---------------- Oct 24, 2019 EDIT: Funds that are partially exempt from state income tax -------------------------------

I didn't include the formulas for a fund that is partially exempt from state tax when I first posted this. This would be the case for anyone who pays state income tax on income from Vanguard Federal Money Market (Fed MM) fund, which had about 78% of income exempt from state income tax for tax year 2018 (U.S. government obligations information: Important tax information for 2018). Since Fed MM is the settlement fund in a Vanguard Brokerage account, this is fund that many people might want to be able to compare to other funds on a taxable-equivalent basis.

These formulas also would be applicable if your state allows a state tax exemption for income from US Government Obligations (USGO) even if less than 50% of the assets were in USGO at each quarter-end for the year, which I think is all states except CA, CT, and NY (I am a CA resident, so I tend to forget about this case). For example, many people would get a partial state tax exemption on Prime MM, which had about 28% of income from USGO in 2018, and about 37% of assets in USGO on Dec 31, 2018 (but not residents of CA, CT or NY).

(Here I'll just derive the formulas assuming no federal deduction for state income tax on marginal income, which is the most common case, either because of the high standard deduction or hitting the $10K deduction limit for SALT.)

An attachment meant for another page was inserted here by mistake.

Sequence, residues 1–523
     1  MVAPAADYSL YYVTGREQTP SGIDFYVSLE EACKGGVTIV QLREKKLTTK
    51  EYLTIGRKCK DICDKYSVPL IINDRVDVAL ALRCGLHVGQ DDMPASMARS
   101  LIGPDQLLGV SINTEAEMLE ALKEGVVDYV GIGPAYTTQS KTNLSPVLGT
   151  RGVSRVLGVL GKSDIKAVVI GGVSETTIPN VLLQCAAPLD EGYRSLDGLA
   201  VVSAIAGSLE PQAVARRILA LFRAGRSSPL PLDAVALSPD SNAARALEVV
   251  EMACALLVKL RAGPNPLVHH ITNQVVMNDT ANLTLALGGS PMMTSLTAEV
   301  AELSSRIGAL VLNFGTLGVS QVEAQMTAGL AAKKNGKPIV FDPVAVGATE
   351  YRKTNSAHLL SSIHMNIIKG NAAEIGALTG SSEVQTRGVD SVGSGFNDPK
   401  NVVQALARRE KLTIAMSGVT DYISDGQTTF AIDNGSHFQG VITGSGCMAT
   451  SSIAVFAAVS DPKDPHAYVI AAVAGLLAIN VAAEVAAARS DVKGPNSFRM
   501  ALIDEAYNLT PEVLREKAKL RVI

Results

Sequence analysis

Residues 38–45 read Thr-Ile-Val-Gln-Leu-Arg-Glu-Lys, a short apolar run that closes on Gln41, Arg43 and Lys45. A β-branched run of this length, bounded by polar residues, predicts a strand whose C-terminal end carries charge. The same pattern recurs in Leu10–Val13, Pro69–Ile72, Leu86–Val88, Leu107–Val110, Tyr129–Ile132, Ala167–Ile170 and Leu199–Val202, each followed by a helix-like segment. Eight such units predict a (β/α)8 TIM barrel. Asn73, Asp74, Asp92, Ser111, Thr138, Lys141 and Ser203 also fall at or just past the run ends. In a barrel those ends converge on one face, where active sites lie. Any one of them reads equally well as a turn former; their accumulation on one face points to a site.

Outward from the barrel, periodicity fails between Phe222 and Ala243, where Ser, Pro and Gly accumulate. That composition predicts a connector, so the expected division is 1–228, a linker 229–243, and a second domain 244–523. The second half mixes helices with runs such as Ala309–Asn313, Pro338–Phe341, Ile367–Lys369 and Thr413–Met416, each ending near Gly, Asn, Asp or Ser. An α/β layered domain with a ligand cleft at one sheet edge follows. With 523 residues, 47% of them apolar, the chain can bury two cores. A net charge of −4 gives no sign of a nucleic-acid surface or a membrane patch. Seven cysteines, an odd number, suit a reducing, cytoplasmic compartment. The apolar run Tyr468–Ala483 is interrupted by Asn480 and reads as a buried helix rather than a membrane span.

For such a fund, the state tax rate on partially state exempt income is s * (1 - se), where s is the marginal state tax rate and se is the state-tax-exempt portion of fund income. For example, for 2018, se was about 78% for Fed MM, so 1-se = 1 - 0.78 = 0.22; i.e., your state would tax about 22% of your Fed MM income. We don't know what se will be for 2019, so I just assume it will be the same as for 2018 in estimating TEY for 2019.

So the after-tax yield (ATY) factor for income that is partially exempt from state tax is:

ATY factor = (1 - f - s * (1-se))

where f = marginal fed tax rate, s = marginal state tax rate, and se = state-exempt percentage of income.

This can also be written as:

ATY factor = (1 - f - s + s * se)

(Note that here I'm using

*ATY*for after-tax yield, while in the original post I used

*TFY*for

*tax-free yield*. They mean the same thing in the formulas here, but I think

*after-tax yield*might be more meaningful to people.)

You multiply the partially-state-tax-exempt fund yield (Ypse) by the ATY factor to get the after tax yield:

ATY = Ypse * (1 - f - s * (1-se))

As derived in the original post, the TEY factor is just the ATY factor divided by (1 - f - s):

TEY factor = (1 - f - s * (1-se)) / (1 - f - s)

And TEY is:

TEY = Ypse * TEY factor = Ypse * (1 - f - s * (1-se)) / (1 - f - s)

Example.

Using se = 0.78 for Fed MM, current compound yield of 1.87%, and my estimated marginal tax rates of 27% Fed and 8% state,

ATY factor = (1 - f - s * (1-se)) = (1 - 0.27 - 0.08 * (1 - 0.78)) = 0.7124.

My estimated compound after-tax yield on Fed MM is 1.87% * 0.7124 = 1.33%

And:

TEY factor = ATF factor / (1 - f - s) = (1 - f - s * (1-se)) / (1 - f - s) = 0.7124 / (1 - 0.27 - 0.08) = 1.096.

My estimated compound TEY for Fed MM is 1.87% * 1.096 = 2.05%

Kevin